FEATURE – “Let freedom ring; City commissions work for two sculptures”

TREMONTON – By Jessica Tanner – May 29, 2021

The "Golden Spike Bell" located at the Tremonton City Library - Courtesy photo

There are many ways to enhance beauty in a city and the Arts Council in Tremonton is doing all they can to bring art to the forefront. Their most recent venture is commissioning two bell sculptures from local artist Doug Adams. One is a tribute to Gold Star Families and will be unveiled during the city’s Memorial Day Ceremony on Monday, May 31, at 9 a.m.

“There are people from our valley who have sacrificed their lives for our country and we wanted to recognize all those families who have lost love ones in that service,” stated Tremonton City councilmember Lyle Holmgren. “This is a tribute to all of them. This memorial is non-descript and does not including any names.”

Earlier this year the Arts Council met to discuss ways to increase art in Tremonton. Although murals are planned to happen annually, they decided to do something different.

“I love the idea of branching out and doing a sculpture this year—that would be really cool,” Arts Council Chairperson Leisl Sorensen explained.

Tremonton City councilmember Bret Rohde suggested Adams, who specializes in bells.

“I think the cemetery is a great place for the gold star statue and he could do another by the library,” said Rohde

Adams agreed to create two sculptures for $5,000 with 10% of that being donated to the food pantry. Adams made his first bell 40 years ago and since then has created nearly 5,000 more.

“It has really become a family affair,” he said. “My wife helped me design the first thousand and after that I have leaned on her for design ideas and the glasswork,” Adams said.

When asked about his reaction to being selected as the artist, Adams said, “I was completely flabbergasted and honored. I love doing public commissions like this because they will be there for a long time. I served for five years in the Utah National Guard, while my dad, DeVere, was in the Navy. I even have solider friends, who have lost their lives. I am honored to be a part of this.”

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Dianne and Doug Adams with the "Golden Spike Bell," Tremonton City Library - Courtesy photo

Adams created more mass to the “Gold Star Bell” so it looks big sitting on its pedestal adjacent to the flagpole at the cemetery.

“I want it to speak volumes and stand on its own,” he explained. “The star is the part that makes the biggest statement and is the focal point of the bell.”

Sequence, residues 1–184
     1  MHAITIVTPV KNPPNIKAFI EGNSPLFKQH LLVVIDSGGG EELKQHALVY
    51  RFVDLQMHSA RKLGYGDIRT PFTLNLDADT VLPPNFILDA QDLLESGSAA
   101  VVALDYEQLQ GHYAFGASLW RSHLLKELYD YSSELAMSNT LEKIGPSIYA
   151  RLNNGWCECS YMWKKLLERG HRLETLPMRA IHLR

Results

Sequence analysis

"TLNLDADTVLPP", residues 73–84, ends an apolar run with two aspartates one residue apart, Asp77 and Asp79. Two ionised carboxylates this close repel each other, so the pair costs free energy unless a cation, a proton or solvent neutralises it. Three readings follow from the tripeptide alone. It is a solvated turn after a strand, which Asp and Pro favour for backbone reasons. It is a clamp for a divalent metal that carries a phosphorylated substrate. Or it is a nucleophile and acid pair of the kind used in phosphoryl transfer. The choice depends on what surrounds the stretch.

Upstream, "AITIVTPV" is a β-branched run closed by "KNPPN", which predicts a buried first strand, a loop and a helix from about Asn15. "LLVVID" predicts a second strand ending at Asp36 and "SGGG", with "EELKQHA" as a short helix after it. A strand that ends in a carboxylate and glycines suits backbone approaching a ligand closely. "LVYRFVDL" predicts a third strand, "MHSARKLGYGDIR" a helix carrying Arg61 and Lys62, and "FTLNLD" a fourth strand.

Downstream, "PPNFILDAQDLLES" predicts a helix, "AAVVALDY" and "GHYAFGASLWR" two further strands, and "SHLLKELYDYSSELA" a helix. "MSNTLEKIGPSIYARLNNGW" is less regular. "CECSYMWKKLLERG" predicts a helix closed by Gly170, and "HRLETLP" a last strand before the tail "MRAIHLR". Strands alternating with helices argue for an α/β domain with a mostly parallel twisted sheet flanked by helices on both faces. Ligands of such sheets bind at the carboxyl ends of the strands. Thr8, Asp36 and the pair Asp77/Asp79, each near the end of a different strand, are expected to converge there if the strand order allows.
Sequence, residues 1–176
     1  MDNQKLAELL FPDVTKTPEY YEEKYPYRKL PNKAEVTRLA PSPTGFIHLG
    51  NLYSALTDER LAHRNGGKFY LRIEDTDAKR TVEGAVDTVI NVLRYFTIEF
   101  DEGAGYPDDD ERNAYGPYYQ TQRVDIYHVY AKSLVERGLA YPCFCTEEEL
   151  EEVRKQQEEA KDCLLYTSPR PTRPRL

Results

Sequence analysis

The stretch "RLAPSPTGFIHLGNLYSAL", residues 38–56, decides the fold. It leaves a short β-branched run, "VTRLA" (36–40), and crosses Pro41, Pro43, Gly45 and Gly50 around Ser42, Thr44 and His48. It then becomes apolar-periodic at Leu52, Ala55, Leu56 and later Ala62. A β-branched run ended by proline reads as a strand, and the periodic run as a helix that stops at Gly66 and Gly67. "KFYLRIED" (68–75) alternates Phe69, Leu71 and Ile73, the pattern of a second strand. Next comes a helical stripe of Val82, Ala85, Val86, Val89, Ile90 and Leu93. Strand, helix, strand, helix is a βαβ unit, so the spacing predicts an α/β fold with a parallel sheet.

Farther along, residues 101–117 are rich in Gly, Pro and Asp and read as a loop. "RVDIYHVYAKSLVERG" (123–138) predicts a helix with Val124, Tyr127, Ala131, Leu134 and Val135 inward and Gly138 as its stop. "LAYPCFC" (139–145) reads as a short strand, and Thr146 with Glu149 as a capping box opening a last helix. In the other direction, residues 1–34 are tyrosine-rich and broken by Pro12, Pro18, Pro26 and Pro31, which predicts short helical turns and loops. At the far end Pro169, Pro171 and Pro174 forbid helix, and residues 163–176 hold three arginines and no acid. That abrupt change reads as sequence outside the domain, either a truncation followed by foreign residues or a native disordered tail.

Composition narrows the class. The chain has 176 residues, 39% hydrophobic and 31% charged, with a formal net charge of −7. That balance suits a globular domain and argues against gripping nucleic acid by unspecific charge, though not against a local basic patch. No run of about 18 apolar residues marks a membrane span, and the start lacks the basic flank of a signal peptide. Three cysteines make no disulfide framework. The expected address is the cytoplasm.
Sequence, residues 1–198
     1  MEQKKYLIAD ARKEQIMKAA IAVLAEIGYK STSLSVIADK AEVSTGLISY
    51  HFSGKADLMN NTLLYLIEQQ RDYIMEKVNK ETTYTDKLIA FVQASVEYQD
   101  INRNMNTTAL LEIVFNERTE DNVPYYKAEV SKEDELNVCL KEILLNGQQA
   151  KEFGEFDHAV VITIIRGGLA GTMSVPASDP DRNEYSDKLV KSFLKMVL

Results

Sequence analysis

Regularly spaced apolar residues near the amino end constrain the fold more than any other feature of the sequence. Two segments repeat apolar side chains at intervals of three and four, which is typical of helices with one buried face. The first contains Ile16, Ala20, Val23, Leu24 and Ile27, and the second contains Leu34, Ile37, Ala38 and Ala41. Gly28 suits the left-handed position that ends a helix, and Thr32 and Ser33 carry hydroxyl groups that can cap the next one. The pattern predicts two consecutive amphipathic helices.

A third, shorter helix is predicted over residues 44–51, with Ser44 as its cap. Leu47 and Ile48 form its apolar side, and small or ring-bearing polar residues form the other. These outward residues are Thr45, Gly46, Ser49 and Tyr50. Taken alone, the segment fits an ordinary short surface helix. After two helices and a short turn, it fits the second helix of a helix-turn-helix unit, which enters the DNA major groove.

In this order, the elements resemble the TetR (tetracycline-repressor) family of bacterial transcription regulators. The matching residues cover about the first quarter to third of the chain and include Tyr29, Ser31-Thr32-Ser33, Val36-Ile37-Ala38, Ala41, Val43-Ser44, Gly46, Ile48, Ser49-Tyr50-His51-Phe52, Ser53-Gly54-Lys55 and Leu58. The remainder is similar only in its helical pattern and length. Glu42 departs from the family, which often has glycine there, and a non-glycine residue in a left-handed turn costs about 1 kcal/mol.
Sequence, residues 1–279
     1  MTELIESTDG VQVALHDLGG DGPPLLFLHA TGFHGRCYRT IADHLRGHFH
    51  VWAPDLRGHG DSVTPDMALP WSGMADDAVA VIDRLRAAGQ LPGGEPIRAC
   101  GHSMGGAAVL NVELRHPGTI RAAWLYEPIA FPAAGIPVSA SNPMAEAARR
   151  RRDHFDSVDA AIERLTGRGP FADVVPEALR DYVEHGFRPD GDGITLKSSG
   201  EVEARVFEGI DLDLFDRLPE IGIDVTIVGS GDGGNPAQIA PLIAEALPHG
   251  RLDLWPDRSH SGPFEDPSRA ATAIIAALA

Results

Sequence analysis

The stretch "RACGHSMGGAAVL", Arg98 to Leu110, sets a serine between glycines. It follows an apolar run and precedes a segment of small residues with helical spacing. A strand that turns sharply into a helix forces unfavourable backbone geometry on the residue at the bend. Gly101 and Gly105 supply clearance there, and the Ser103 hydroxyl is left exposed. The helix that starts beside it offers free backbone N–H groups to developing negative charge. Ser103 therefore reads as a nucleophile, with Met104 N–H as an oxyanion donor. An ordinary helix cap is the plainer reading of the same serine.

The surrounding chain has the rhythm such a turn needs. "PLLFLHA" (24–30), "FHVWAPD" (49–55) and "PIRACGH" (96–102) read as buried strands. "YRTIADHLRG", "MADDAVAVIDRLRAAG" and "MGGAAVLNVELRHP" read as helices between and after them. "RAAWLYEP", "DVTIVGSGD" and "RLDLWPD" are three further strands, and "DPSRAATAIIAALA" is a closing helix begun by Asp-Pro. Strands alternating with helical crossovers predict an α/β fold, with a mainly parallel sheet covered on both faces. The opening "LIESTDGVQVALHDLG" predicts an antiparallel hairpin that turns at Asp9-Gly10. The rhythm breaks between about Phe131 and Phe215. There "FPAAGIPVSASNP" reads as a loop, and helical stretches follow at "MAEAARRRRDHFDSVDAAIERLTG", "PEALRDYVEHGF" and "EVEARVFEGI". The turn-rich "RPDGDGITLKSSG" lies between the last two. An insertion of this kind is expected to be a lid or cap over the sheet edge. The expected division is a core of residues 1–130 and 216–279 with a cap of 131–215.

He created the star, but Bob’s Body Shop painted it, donating their material and labor.

“It was professionally done so it can stand the test of time and hold up in the elements,” he said.

Below the star are two grinding balls from Nucor Steel that look like canon balls and represent war. On the bell a Tree of Life embellishment is welded on both sides. Adams said, “This symbolizes hope to those who have lost loved ones. This is their hope for a reunion.”

A rock in the shape of a heart placed above the bell is also significant.

“I wanted that to symbolize the families whose hearts were broken by their loss,” said Adams. “We found it in St. George and I knew that needed to go in that piece.”

On May 31, the city will hold their annual Memorial Day program with a special unveiling. There will be speakers, a dedication by veterans, as well as music from the group, Reflections.

For the second sculpture Adams planned to come up with a few options for the city to choose from using different farm equipment and tools. However, he found the perfect supplies when he was given a five-gallon bucket of 150-year-old railroad spikes. “Box Elder County is the home of the Golden Spike Monument so it was clear we needed to celebrate that,” he said, naming this one “Golden Spike Bell.”

Several small slices of railroad track are incorporated above the spikes, as well as old mining tracks. There is even an old pick ax below the bell encompassing the heritage of the transcontinental line.

At the bottom is a big stone that was found in Park Valley. Adams said in Asian cultures they believe the combination of stone and metal have a Zen quality and signifies good fortune.

Adams gives credit to his 17-year-old son Ryan for helping him put it together.

“He was instrumental in this piece,” he said. “We had a good time making it.”

"Golden Spike Bell" sits on a cement pad amongst the flowerbeds at the library. It is located on the west side opposite of the current Peter Pan sculpture.

With enough money in their budget, the Arts Council will also look at doing a mural this year. They have suggested one to represent the Bird Refuge. It will be painted on Studio R’s east wall just above Mack’s Family Drive Inn and will include 3D images with metal birds to create depth.

A sculpture to be revealed on May 31, 2021 at Riverview Cemetery in Tremonton - Courtesy photo

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